NHK, the Japan Public Broadcasting Corp. has been touting a greatly enhanced form of high-definition television for about a decade now, with special screenings of the 4,000 line video the system produces at several NAB Shows. Super Hi-Vision, or SHV, as the system is called will be back this April, but with some slightly different eye candy.
An NHK crew arrived in Washington D.C. during the weekend of Feb. 5 to capture some of the more iconic scenes from the nation’s capital to be included in a new demonstration “reel” that will be premiered at this year’s show.
According to Eric Wolf, who accompanied the crew and is a member of PBS’s Office of the Chief Technology Officer, the crew recorded scenes at the Capitol Building, the Mall, the Washington Monument, the National Gallery of Art, the Newseum, Union Station, the National Cathedral, Georgetown, and the Library of Congress.
“Their last stop will be at Arlington National Cemetery and then they’re going back to Japan and start posting their work to have it ready for NAB in April,” said Wolf. “The plan is to produce about five minutes to be included in the SHV demo reel. The whole project is designed to provide images of some of the most beautiful areas in Washington.”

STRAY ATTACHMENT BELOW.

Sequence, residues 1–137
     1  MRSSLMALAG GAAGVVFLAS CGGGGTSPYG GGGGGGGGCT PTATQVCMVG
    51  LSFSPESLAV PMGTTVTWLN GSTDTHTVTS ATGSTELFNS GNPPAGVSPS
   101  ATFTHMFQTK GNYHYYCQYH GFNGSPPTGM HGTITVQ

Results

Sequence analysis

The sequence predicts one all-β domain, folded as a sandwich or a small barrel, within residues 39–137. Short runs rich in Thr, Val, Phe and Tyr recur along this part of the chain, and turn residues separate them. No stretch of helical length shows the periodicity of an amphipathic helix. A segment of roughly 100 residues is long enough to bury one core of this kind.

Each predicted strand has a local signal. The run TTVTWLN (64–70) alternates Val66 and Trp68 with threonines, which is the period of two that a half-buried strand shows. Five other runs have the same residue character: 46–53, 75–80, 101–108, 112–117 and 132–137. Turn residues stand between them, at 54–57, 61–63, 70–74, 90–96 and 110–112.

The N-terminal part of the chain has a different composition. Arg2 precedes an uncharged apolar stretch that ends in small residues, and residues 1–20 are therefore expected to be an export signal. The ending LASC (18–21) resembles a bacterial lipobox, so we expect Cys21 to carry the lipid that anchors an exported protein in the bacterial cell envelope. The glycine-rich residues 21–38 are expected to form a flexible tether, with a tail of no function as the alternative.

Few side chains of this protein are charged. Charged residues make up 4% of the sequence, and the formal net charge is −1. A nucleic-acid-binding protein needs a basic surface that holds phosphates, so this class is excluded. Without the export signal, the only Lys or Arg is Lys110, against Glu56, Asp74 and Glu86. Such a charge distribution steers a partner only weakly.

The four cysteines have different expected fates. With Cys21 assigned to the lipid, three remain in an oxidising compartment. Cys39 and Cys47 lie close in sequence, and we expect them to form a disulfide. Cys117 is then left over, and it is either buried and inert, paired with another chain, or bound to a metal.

The special camera used for the Washington shoot is one of only four SHV that have been constructed so far, and one of two of the latest generation of the ultra high-resolution devices that exist. SHV recording technology continues to evolve too, with image storage now being done in flash memory rather than the hard drive array used previously.
Wolf said that PBS had worked together in the past on similar demonstrations during the development of high-definition television and that 2020 has been set by NHK as the date for commercialization of the Super Hi-Vision technology.
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